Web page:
2. Working in partnership and coalition is vital and helps us have stronger wins and to weather the disappointments. Our partners in this work challenge and inspire us daily to keep fighting for what is right and what will work to support students.  We must be crystal clear in our demands for youth justice to ensure young people stay out of the juvenile rehabilitation and criminal legal systems and stay in rigorous and enriching educational environments, and there is a lot of work to do to cut through the political rhetoric and educate lawmakers about what truly works to support young people. 
    • Our Debt Free Youth Justice coalition brought together more than 20 organizations, and dozens of directly impacted young people, to reduce the harmful impacts of the juvenile legal system.
    • Our High School Success Coalition collaborated on bills to support every student on their path to achieving a rigorous high school diploma and pursuing their dreams.
  3. We must make room for connection and healing. This work is hard, and isolating. The antidote is community connection. We will be looking for opportunities to connect with you throughout interim, virtually and in community. 

As a first step towards that connection, we want to hear from you! Please stay in touch and let us know what you are interested in connecting on, and issues that are arising in your community.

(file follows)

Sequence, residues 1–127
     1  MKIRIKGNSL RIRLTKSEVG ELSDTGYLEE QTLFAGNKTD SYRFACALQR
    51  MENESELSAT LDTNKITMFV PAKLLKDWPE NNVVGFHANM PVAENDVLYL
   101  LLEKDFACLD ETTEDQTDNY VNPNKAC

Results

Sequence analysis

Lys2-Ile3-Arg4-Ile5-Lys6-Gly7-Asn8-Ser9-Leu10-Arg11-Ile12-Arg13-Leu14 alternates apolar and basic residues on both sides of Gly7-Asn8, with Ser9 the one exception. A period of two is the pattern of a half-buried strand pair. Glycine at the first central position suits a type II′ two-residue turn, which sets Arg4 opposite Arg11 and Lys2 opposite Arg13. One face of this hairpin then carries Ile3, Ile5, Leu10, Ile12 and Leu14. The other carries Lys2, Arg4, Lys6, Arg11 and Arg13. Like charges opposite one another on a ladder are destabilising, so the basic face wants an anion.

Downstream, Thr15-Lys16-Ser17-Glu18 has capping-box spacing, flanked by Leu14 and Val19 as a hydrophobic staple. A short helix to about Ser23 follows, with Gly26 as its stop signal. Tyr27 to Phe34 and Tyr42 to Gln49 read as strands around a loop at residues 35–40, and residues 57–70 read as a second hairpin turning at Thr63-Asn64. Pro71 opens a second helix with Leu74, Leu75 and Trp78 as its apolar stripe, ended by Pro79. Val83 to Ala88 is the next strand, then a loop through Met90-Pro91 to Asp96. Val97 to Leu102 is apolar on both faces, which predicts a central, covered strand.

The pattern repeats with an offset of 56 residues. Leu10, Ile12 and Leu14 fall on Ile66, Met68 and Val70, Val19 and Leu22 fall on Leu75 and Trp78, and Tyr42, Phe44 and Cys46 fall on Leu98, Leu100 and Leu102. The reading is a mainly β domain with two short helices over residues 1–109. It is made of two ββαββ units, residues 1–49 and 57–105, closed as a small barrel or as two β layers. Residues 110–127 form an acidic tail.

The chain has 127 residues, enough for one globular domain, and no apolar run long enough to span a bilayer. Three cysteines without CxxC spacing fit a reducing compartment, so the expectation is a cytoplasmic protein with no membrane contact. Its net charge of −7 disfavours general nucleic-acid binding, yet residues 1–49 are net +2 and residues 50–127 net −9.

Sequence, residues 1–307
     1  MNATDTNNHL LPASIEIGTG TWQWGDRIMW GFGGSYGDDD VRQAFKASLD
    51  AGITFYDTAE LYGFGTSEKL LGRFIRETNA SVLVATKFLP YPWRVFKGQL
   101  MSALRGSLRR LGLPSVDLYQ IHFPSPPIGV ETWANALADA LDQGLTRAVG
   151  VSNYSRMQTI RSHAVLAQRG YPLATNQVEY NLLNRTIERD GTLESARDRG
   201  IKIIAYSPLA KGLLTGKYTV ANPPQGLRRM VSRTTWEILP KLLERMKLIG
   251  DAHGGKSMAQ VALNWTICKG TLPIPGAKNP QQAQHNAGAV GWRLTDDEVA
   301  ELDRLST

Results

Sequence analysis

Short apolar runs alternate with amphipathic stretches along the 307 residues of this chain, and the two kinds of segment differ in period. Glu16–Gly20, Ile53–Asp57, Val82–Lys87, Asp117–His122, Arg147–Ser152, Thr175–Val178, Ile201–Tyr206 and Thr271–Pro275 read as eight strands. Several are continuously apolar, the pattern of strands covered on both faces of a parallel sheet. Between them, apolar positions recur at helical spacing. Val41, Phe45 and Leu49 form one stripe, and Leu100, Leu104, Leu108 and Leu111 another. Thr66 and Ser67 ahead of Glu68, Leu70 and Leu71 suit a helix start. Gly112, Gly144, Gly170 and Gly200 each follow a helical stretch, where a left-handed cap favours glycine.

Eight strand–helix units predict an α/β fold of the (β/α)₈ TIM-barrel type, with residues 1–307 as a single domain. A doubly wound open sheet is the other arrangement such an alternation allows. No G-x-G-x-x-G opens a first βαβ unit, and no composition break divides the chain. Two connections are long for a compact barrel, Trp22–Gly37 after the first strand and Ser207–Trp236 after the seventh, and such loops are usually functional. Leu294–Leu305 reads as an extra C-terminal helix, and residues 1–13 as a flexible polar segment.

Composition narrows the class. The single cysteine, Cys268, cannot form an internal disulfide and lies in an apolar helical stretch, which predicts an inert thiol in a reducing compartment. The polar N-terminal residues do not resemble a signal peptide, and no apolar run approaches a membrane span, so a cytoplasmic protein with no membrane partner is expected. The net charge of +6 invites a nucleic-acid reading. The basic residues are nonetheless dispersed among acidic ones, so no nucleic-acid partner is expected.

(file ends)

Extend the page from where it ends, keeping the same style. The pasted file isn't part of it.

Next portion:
In closing, our work is not possible without your partnership. Thank you for standing with us, and standing with children, this legislative session and always. 

In partnership, 

Kia & Liz 

This week is the next to last week of session – and today is a final cutoff date. All bills that aren’t considered “necessary to implement the budget” need to receive a vote from the full chamber by 5pm today. After today, legislators will turn their attention to finalizing the supplemental budget and passing bills considered necessary to implement that budget. In addition, there are three initiatives that the legislature will consider.